We hear repeatedly that obesity is one of the biggest public health problems in the UK today. Yet there is a stark mis-match between the newspaper column inches devoted to the nation’s waistline and the resources spent on NHS adult weight management services.
ON the 26th October 2017, the Minister for Public Health and Sport, Aileen Campbell, launched the Scottish Government’s Consultation on a Diet and Obesity Strategy for Scotland. There is much to commend in the Strategy – prevention is better than cure, and targeting resources on more ‘upstream’ determinants of obesity (changing the so-called obesogenic environment) is rightly the focus of the new Strategy (and of Obesity Action Scotland’s advocacy).
However, for a country with one of the highest obesity rates in the world (where 1 in every 4 adults lives with obesity), there is a need for action at multiple levels. As a recent Lancet commentary argued, the distinction between population-level and individual-level approaches is a false dichotomy. Yes, we should be restricting advertising and price promotions of junk food, but we also need high quality, accessible, multi-disciplinary treatment services for those with severe and complex obesity – and not just people with type 2 diabetes (the target of the Strategy).
Current issues with adult weight management services
A recent survey of NHS adult weight management services across Scotland found large disparities in the provision of services. In general, they are under-resourced and under-evaluated. My PhD research, which included interviews with key stakeholders (senior dietitians) involved in adult weight management, as well as patients and primary care practitioners (GPs and practice nurses), identified a number of issues with adult weight management services.
First, there is a lack of awareness of existing services among both patients and practitioners. It’s hard to refer someone to a service that neither of you know much about. Second, there is a lack of confidence in weight management services amongst primary care practitioners. In short, GPs and practice nurses don’t think they work. This is partly related to unrealistic expectations (a 5-10% weight loss is a good outcome, with clinically significant health benefits), but also due to lack of feedback about the overall success rates of the services. In the Glasgow and Clyde Weight Management Service (GCWMS), the largest NHS adult weight management service in Scotland, roughly a third of people who complete the group classes achieve that 5% weight loss target.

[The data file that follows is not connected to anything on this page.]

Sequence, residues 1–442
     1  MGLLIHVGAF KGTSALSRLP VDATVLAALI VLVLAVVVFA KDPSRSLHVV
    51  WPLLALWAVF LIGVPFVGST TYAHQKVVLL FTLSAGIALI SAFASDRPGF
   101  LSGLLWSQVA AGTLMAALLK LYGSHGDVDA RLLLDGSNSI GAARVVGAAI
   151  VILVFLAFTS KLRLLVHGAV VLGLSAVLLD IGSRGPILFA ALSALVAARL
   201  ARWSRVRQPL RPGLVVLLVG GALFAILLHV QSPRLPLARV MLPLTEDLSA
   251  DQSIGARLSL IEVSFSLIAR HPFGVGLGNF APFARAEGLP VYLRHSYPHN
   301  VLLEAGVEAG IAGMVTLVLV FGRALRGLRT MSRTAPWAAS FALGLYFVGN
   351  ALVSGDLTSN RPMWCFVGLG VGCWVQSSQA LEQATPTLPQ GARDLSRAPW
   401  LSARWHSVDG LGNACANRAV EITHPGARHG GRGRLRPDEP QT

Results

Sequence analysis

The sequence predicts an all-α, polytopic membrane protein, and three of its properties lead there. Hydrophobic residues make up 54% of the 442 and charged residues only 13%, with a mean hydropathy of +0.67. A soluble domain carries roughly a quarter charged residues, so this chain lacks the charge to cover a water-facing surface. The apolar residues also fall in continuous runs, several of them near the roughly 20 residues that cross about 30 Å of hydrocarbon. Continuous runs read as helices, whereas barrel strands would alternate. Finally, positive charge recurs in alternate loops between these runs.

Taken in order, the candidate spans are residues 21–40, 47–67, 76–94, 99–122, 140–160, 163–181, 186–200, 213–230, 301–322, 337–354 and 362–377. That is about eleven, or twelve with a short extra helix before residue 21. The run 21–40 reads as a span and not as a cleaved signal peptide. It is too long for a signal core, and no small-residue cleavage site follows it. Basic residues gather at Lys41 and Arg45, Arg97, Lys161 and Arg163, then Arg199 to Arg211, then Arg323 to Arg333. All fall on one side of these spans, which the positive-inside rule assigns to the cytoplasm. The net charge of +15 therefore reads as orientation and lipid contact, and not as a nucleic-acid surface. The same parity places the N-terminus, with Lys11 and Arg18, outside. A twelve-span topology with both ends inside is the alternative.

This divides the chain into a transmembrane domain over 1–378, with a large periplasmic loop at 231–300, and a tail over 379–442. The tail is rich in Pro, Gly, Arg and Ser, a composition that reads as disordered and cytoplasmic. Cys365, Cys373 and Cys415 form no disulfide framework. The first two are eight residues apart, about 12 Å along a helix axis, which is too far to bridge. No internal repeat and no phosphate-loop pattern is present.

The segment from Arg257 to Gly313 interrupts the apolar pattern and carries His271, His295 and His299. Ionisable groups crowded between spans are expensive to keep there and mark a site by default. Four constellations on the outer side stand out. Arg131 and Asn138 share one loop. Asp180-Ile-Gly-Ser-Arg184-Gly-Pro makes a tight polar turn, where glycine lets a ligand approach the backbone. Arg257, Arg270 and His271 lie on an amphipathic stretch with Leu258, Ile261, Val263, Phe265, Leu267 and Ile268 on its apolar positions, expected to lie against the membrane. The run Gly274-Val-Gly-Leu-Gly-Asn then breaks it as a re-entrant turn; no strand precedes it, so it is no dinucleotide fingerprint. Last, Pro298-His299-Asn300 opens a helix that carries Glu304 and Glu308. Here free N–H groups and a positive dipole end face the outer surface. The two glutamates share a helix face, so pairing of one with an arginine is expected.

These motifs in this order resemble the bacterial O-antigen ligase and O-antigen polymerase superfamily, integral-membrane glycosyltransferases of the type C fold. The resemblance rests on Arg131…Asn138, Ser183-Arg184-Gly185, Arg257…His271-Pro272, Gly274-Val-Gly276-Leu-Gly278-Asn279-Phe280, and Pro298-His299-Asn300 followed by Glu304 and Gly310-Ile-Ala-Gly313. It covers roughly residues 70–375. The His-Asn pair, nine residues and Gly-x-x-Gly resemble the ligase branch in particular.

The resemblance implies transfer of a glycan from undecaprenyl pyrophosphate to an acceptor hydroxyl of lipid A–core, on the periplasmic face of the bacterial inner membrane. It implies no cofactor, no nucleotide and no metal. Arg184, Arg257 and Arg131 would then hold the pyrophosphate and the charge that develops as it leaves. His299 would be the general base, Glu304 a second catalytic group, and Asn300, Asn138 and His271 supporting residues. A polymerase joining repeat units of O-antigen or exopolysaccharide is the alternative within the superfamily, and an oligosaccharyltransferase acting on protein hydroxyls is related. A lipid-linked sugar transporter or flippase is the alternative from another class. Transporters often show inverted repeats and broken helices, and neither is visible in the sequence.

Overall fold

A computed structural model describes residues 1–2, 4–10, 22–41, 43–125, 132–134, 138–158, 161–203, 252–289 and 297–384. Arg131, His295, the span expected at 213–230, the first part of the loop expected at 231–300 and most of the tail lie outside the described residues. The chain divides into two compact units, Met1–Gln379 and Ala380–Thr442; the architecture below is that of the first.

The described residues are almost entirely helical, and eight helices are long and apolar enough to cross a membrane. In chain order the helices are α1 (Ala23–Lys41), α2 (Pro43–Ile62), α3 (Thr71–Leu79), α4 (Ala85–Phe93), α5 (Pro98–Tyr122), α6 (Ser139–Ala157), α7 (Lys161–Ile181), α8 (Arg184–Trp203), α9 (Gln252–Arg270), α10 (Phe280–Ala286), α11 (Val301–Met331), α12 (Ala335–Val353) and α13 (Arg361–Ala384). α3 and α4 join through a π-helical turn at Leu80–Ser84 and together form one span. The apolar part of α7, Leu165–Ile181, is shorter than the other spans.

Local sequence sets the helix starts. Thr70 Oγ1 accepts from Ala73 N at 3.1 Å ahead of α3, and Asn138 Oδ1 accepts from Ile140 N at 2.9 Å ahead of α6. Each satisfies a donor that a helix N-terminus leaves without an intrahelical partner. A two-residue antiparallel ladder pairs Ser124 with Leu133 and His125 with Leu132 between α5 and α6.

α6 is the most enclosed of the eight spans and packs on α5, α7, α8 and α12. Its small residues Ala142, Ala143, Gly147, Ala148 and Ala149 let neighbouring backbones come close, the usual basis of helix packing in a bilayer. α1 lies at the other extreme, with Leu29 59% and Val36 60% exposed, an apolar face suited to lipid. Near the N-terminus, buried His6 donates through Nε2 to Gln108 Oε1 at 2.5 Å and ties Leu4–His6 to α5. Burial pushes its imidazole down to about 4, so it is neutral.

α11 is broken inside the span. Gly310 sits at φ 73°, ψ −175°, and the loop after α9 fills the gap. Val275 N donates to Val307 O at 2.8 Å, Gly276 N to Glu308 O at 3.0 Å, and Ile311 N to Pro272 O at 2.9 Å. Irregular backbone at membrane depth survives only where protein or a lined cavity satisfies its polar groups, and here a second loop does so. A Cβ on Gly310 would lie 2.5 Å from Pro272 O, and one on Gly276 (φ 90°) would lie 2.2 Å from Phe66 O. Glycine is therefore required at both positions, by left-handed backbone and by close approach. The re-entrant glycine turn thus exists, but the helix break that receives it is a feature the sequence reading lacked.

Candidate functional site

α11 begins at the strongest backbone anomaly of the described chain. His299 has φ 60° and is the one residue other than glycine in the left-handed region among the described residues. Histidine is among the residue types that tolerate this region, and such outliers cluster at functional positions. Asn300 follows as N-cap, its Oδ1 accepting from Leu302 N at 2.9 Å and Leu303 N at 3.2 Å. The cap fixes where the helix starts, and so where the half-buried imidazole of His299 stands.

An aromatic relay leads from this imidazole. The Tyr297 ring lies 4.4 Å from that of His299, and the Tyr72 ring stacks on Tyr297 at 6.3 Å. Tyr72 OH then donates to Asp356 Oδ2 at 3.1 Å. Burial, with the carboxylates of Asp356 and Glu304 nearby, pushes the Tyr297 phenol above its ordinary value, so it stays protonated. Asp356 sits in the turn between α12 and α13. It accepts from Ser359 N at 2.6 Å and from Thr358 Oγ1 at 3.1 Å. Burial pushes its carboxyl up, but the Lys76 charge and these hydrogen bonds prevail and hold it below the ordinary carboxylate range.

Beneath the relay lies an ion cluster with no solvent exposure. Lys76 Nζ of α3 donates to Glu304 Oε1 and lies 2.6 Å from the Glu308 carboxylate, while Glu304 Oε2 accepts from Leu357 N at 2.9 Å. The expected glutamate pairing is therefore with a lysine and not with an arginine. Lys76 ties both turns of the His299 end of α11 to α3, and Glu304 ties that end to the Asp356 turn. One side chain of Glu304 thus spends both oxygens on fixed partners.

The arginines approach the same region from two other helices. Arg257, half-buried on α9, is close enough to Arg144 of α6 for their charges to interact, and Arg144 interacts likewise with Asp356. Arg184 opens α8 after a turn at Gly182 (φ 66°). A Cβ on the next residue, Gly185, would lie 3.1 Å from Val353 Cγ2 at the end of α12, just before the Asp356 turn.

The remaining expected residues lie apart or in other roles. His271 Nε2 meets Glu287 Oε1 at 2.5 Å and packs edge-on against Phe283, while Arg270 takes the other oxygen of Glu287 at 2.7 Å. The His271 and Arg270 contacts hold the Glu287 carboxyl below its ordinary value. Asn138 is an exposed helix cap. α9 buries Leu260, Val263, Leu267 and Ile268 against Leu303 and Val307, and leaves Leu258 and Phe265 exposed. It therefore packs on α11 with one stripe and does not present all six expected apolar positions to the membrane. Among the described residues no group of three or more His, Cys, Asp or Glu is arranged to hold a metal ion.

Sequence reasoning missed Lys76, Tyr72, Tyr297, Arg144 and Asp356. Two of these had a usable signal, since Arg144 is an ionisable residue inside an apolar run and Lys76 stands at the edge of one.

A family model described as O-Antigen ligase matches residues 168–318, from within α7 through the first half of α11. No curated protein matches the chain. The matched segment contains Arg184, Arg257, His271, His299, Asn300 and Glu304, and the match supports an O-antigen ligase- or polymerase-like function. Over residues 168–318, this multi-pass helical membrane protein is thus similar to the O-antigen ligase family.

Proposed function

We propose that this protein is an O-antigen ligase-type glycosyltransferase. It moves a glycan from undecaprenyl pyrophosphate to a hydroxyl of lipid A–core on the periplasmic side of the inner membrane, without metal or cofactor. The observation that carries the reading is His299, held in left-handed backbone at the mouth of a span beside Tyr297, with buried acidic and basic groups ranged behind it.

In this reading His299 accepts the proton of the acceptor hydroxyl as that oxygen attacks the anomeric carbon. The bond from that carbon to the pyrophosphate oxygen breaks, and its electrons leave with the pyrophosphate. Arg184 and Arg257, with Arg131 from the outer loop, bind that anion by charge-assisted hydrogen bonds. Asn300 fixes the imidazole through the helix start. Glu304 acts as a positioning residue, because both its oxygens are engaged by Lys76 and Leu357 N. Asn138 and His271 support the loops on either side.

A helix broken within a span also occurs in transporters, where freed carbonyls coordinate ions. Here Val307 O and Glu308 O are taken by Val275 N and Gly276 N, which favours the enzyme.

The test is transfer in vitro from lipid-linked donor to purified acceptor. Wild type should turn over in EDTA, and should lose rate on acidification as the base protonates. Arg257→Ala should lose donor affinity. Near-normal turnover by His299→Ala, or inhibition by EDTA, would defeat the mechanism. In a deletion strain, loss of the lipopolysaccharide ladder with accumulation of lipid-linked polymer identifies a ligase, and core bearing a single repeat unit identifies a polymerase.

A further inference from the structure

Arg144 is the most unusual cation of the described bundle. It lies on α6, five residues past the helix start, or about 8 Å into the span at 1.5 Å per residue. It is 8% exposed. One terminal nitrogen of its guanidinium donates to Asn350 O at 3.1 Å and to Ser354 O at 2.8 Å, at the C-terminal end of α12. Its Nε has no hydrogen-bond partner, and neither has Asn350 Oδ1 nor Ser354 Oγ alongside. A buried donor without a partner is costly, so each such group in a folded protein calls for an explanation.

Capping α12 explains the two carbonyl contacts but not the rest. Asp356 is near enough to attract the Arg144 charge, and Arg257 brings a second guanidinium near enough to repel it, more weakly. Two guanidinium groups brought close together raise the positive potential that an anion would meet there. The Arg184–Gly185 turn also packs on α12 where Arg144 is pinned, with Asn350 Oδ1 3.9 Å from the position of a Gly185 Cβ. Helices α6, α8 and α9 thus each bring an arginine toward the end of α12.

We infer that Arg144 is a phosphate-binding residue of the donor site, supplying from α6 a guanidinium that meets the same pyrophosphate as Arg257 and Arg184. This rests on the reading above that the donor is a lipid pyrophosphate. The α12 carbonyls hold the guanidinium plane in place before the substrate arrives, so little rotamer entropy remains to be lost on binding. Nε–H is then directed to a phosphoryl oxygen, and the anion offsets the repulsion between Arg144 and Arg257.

However, third and most significantly, there are real barriers to attendance, and the majority of people who are referred do not stay the course. These barriers include process factors, such as initial telephone opt-ins and 1 year ‘lock-out’ periods prior to re-referral, and structural factors, such as transport links (having to take 3 buses to get somewhere is a bit of a turn off), and other aspects of access such as classes only being available during working hours, or groups not being adapted to meet different ethnic or cultural needs. A “one size fits all” approach clearly does not fit all.
The role of primary care
Primary care is often seen as a delivery mechanism for public health interventions. Almost everyone is registered with a GP and most people will see their GP or practice nurse at least once in a five year period. With regard to obesity, we are told on the one hand that “every healthcare contact is a health improvement opportunity”, and on the other hand that, if we keep mentioning people’s weight they will be put off coming to the doctor. Relationships and trust are the silver bullets of general practice, and GPs are understandably wary of offending their patients. If we are going to raise the issue, we need decent solutions to offer.
A 2013 report from the Royal College of Physicians stated that training for GPs in weight management has been minimal and poorly coordinated, “reflecting a lack of focus on obesity throughout medical training as a whole”. But while training has its place – to help doctors and nurses understand the complexity of obesity and to give them the skills and confidence to discuss weight sensitively – what we really need is adequate investment in accessible treatment and support services. GPs and practice nurses are well placed to identify people who would like support to change health behaviours, but we lack the time or skills to provide that support, particularly for those with binge eating disorder or other complex physical or mental health co-morbidities.
A way forward – invest in services?
Adult weight management services should ideally be local, familiar, and relatively quick and easy to access (think smoking cessation services). This is particularly important in areas of high socio-economic deprivation, which have the highest proportion of referrals to GCWMS but the lowest likelihood of attendance.
To improve attendance following referral, we need better communication between weight management services and primary care, and improved accessibility of services. GCWMS has recently undergone a period of significant reform, with some patients now being given 12 weeks free membership to Weight Watchers. This may improve access for some (e.g. more local, flexible hours), but with the Government’s proposed focus on people with, or at risk of, type 2 diabetes, there is a concern that many other people with severe and complex obesity will not get the support they need. After all, equity of access can only be achieved if available services are acceptable to diverse populations of potential users.
*This article was originally published at Obesity Action Scotland and re-posted on IHAWKES with author’s permission.